Ramakrishna is the main figure, as it relates to the notion of mysticism and ontology in particular, in the last three Chapters of Part IV of this work.
 Even though an historical and cultural context is provided, the author will also posit the notion that mysticism at some level is co-emergent with the (modern) human condition, i.e. a prerequisite and necessary condition for modern man, or homo sapiens.
 Think Buddha sitting in contemplation under the Bodhi tree where he “achieves” or experiences nirvana, what we in the West like to call “enlightenment”.
 The Yoga Sūtras of Patañjali is a 3rd/4th century CE text made up of almost 200 aphorisms or verses which is attributed to the ancient Indian sage Patañjali. This work, and its place intellectually within the context of ancient Indian theo-philosophy (orthodox Indian theo-philosophy primarily), is covered in Part IV of this work in the Chapter on Vedānta and Yoga, and Vivekananda, the spiritual successor of Ramakrishna.
 Yoga Sūtras, 1.2. yogaś citta-vṛtti-nirodhaḥ in Sanskrit where citta is a technical term that means “mind stuff”, vṛtti means “various forms” or “fluctuations” more or less, and nirodhaḥ means “inhibit” or “cessation”. Hence the English translation as something along the lines of “Yoga is the cessation of the fluctuations of the mind”.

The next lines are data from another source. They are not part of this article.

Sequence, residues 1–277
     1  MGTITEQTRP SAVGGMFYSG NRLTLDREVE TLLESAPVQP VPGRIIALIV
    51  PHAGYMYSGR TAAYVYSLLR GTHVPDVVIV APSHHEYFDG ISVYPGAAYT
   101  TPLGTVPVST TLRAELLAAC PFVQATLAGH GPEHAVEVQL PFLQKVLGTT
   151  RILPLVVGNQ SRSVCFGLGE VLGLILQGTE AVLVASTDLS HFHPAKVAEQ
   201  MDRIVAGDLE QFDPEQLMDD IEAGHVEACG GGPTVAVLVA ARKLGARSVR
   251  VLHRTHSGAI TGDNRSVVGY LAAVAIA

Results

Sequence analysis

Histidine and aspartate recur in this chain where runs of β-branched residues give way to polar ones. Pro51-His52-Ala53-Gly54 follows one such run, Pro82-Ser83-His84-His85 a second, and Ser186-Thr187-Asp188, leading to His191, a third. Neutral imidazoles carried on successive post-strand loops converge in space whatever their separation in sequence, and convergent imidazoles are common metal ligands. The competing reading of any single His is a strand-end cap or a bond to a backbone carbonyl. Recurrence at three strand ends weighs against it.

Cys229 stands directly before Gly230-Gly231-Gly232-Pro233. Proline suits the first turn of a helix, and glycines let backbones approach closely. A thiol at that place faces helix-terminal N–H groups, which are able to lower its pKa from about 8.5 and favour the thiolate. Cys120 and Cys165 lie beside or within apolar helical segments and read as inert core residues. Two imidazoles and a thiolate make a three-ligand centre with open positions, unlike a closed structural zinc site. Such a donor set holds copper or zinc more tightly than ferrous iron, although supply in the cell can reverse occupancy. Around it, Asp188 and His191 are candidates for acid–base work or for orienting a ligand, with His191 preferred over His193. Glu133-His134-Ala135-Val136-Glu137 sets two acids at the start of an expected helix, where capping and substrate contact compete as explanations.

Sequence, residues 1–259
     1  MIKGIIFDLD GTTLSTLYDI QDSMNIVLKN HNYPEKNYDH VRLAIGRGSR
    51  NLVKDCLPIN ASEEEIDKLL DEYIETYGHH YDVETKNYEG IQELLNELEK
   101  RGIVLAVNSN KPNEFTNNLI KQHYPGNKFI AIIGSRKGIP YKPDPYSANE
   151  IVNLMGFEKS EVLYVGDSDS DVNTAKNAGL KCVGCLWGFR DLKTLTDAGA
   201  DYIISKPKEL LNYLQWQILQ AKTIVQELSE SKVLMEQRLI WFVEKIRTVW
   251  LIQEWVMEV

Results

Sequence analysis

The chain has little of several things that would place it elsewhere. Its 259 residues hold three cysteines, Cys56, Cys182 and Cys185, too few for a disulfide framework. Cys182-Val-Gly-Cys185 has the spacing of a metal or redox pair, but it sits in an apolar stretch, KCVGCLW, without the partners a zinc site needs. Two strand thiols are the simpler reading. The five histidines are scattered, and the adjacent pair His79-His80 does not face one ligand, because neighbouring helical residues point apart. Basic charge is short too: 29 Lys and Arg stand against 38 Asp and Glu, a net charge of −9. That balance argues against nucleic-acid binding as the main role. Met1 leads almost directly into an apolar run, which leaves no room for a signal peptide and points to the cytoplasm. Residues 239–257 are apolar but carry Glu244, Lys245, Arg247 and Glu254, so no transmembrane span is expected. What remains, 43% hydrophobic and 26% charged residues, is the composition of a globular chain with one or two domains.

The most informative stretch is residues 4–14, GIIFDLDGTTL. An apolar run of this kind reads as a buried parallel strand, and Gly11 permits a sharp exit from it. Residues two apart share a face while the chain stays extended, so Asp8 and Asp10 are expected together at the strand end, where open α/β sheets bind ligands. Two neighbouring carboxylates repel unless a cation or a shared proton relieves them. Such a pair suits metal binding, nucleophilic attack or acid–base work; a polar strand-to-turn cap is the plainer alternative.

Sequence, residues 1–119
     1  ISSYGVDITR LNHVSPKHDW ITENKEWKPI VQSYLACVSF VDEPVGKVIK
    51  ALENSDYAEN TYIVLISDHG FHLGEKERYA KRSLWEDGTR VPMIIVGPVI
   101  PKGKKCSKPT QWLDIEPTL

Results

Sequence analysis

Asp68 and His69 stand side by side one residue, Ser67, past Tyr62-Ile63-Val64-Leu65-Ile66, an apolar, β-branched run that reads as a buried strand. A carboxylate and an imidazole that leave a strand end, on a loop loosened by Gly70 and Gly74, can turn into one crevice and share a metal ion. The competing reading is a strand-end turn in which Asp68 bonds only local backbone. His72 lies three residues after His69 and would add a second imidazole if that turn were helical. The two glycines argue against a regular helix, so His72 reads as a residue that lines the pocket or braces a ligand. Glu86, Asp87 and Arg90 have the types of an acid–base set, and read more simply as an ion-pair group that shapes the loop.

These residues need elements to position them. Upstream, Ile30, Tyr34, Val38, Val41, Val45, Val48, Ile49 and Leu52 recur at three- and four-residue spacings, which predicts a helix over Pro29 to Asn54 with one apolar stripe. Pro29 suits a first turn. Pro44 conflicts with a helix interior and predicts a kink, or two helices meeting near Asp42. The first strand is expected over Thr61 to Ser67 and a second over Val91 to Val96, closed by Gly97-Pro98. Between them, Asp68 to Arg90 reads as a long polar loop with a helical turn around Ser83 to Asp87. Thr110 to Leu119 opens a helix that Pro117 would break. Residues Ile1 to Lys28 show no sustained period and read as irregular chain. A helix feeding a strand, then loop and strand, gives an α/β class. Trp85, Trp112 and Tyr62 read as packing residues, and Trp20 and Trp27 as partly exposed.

The oldest strata of hymns in the Vedas can be reasonably dated as far back as the 2nd millennium BCE, if not prior.
 Vedic Sanskrit is an Indo-European language, the root of the language tree of virtually all Western languages. Throughout this work we use the philological, or linguistic, term “Indo-European” to not only designate a set of people that spoke languages that share a (theoretical) common ancestor, but also who the author argues also share a common cultural and theo-philosophical ancestry as well. Linguistically this common shared, theoretical, ancestral language shared by all “Indo-European” language speaking people in antiquity is referred to philologically (the study of linguistics or language) as “Proto-Indo-European”.
 This time period in Indian history sometimes referred to as the “Vedic period” or “Vedic Age”.
 Ancestor worship for example, which we find evidence of across virtually all of ancient human populations in pre-historical times, reflects this very principle in fact.
We know that at the same time that homo sapiens was spreading across Europe, the Mediterranean and Asia – collectively what we refer to as Eurasia throughout this work – that at the same time there existed other species of hominids in the same territory at the very same that homo sapiens competed with, and also in fact interbred with – Neanderthals for example.
 The argument we are making here is that the requirement for the effective transmission of knowledge, was in fact necessary for the survival of ancient man and underpinned his ability to dominate (and most likely exterminate) all other forms of ancient hominids. And all of this must have occurred well before the invention of writing which we don’t find in the (Eurasian) historical record come into widespread use until the 3rd and 2ndmillennia BCE.
 As originally conceived of by the Harvard Sanskrit scholar Michael Witzel in his work Origins of the World’s Mythologies.
 As put forth by Mircea Eliade in his body of work for example.